From the most momentous events in history, some of those who were very crucially involved aren’t necessarily remembered. Part of that has to do with the fact that plans don’t always materialize, and something may play better with a crowd than it did on the page in the planning stages and as a result become more significant than intended. The 1963 March on Washington for Jobs and Freedom is best known for Martin Luther King Jr.’s unforgettable “I Have a Dream” speech, but as Netflix’s new film Rustin reveals, there was another man who deserves just as much credit for making it happen.
Bayard Rustin (Colman Domingo) is introduced as a passionate advocate for change, a close friend of King (Aml Ameen) who knows the power of coming together to effect change. But Rustin’s status as an out gay man in the 1960s prevents him from being the public face of his cause, and his friendship with King suffers following a publicized rumor of a sexual relationship between them. Determined to work for something better, Rustin decides to make amends and forge ahead on what he knows will be an unprecedented, transformational opportunity to show America that it’s time to properly recognize its Black population.
As early as the first time he speaks on screen, it becomes clear that Domingo is throwing himself entirely into the role of Rustin. He speaks quickly and with a fervor that indicates a true belief in everything he’s saying, and he almost never takes no for an answer, unless someone does something so devastating to him that he makes him freeze and become unable to act. While he lives his life in a public way, he is aware of how who he is remains criminalized and is haunted by dark memories of his past. He also proudly advertises his missing teeth that were knocked out during an attempt at bus desegregation years earlier where he insisted on staying where he was to make a statement to future generations.
Rustin represents a reunion of Domingo and his Ma Rainey’s Black Bottom director George C. Wolfe. Also back working with these two men is Glynn Turman, who portrays organizer A. Philip Randolph. Wolfe has a keen eye for character, and it’s marvelous to see how he takes the actors who played band members in his previous feature and places them in entirely different parts here. The ensemble also includes a number of other standouts, such as Chris Rock and Jeffrey Wright as Black leaders who don’t see eye-to-eye with Rustin, CCH Pounder as a hard-working ally, and Gus Halper as a follower of Rustin’s who wants more from him than he’s able to give.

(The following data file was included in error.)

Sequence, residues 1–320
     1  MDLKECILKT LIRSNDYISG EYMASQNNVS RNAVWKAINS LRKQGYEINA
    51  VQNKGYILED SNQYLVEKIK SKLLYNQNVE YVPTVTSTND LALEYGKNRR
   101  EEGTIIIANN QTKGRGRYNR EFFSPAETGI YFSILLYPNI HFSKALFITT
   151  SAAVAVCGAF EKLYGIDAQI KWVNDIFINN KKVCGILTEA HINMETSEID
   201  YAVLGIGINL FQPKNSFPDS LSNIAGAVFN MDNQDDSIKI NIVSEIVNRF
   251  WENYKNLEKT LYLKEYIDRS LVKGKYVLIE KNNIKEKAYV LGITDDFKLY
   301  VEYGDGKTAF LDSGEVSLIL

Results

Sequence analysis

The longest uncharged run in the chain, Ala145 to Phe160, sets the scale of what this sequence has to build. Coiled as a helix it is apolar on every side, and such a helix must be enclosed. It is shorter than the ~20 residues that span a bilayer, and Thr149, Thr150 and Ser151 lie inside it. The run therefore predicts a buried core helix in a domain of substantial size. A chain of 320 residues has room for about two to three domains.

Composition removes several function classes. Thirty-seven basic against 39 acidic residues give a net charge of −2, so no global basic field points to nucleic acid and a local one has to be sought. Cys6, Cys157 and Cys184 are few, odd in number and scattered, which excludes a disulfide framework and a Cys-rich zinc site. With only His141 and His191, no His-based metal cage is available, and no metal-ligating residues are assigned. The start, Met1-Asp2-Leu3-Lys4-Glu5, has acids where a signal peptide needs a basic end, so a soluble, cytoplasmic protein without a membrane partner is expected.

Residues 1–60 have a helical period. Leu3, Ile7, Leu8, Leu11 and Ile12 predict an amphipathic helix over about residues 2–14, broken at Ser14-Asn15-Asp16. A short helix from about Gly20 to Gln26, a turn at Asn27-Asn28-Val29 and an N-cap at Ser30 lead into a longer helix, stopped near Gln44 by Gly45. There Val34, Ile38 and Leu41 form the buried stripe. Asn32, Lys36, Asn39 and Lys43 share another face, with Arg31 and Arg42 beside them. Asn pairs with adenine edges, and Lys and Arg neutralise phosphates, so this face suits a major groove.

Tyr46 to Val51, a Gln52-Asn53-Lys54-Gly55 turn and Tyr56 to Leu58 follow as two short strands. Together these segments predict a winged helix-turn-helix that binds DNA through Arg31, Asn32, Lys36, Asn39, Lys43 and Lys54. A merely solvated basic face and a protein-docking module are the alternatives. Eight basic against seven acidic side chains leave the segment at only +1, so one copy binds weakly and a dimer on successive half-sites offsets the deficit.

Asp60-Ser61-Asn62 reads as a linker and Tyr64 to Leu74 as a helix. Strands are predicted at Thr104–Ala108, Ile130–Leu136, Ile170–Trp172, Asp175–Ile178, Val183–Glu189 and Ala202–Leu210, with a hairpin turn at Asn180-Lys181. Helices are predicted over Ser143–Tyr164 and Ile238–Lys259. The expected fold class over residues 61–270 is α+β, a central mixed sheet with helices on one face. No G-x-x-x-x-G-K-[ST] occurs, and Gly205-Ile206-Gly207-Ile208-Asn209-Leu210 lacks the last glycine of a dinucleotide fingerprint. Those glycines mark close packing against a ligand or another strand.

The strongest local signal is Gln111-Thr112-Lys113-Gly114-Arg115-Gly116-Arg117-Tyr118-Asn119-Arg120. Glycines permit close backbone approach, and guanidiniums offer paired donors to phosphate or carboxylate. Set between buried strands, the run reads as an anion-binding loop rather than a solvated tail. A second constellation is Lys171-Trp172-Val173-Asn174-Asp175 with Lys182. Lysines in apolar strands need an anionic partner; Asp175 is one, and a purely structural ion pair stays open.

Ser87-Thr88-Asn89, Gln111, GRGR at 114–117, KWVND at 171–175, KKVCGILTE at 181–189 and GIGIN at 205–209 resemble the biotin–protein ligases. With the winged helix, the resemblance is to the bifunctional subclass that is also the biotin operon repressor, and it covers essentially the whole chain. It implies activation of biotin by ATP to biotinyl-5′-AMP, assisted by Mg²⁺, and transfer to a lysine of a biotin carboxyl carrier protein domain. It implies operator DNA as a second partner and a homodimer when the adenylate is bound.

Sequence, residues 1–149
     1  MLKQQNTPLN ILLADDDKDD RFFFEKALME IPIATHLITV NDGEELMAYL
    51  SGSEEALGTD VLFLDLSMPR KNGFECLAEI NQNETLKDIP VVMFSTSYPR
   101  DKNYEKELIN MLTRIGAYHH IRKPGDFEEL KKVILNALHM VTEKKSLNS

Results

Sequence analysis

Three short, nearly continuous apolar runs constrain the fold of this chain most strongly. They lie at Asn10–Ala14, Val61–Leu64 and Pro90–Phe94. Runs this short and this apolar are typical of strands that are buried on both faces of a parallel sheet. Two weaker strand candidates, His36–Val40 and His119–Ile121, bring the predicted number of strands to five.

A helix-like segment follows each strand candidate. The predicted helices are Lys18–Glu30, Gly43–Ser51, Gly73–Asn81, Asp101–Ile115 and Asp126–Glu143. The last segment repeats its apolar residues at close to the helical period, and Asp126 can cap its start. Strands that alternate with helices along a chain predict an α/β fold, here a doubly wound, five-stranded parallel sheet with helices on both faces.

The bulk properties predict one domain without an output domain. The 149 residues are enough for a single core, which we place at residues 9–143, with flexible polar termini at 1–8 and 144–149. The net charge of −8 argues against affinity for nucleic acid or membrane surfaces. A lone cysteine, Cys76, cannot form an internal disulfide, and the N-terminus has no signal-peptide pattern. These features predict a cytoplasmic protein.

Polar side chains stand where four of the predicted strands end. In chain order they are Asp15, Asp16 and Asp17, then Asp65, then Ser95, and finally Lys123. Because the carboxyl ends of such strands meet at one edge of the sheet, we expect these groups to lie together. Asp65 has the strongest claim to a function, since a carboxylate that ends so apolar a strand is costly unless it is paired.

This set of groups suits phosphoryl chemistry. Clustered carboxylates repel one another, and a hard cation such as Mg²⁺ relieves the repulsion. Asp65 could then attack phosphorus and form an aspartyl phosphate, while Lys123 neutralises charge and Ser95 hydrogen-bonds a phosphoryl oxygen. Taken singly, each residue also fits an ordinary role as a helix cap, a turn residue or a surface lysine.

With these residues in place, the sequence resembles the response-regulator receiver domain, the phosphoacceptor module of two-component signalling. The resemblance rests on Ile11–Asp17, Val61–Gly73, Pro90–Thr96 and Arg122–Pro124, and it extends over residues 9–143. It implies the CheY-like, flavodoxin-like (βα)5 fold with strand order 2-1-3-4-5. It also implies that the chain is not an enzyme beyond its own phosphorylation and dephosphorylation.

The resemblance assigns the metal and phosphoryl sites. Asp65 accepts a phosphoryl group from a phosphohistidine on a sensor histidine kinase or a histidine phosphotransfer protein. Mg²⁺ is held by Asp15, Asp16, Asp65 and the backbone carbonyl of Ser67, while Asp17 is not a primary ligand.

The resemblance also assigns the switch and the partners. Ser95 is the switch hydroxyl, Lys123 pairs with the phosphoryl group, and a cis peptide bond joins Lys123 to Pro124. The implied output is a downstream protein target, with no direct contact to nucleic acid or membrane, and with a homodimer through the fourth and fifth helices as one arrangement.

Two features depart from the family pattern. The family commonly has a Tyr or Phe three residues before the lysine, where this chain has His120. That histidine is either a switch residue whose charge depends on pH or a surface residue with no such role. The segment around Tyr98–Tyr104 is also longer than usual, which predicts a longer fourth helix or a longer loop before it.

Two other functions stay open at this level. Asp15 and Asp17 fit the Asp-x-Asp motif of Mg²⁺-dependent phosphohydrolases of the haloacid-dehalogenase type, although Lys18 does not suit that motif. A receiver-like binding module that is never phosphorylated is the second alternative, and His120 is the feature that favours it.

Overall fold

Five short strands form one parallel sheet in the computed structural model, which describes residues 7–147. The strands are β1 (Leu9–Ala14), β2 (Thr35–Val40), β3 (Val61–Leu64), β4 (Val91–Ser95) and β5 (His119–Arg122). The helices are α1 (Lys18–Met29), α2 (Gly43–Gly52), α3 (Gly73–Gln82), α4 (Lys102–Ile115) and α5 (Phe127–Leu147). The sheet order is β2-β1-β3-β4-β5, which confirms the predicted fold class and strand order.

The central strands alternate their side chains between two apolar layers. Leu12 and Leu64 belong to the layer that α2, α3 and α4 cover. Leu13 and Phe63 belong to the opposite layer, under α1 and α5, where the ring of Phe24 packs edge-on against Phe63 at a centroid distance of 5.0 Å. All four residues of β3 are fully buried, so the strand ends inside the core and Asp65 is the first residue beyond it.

Rustin is a powerful character, one that many who purport to be knowledgeable about the Civil Rights Era in the United States may not be familiar with but should absolutely know. He has a spectacular energy that’s infectious, and Domingo fantastically conveys the way he riles people up and gets them excited about a cause. While some audiences will find the film’s grassroots activism trajectory predictable, it’s genuinely inspirational, full of wondrous successes and unlikely victories that reward its characters’ sincere efforts.
Rustin begins with its protagonist already fully committed to achieving equality for Black people in America, skipping over much of his origin story. Some details are filled in over the course of the film as Rustin shares formative memories, like the grandmother that raised him accepting him once she realized he was gay, and it’s an effective way to paint a full enough picture while only focusing on the years and days leading up to that pivotal march. This strong film pays tribute to a deeply principled and accomplished person who deserves to be celebrated alongside other greats in history, even though he knew history might not look as favorably on him as it should.
Rustin is now streaming exclusively on Netflix.